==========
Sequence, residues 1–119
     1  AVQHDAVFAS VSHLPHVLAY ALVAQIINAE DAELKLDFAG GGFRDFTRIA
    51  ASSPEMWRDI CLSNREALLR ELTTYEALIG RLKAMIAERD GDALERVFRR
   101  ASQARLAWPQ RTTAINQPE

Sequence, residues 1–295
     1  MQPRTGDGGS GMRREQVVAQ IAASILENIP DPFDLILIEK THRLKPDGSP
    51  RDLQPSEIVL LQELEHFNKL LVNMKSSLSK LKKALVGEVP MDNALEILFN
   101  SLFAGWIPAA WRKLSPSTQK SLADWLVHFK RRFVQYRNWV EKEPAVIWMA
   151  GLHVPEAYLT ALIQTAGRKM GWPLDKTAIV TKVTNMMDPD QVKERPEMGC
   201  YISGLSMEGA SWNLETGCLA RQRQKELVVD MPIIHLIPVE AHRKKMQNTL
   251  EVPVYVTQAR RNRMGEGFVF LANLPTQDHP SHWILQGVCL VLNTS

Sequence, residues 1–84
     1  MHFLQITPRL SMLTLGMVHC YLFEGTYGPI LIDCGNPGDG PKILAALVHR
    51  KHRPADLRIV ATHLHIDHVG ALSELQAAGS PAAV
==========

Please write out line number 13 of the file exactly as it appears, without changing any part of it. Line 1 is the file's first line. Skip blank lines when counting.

     1  MHFLQITPRL SMLTLGMVHC YLFEGTYGPI LIDCGNPGDG PKILAALVHR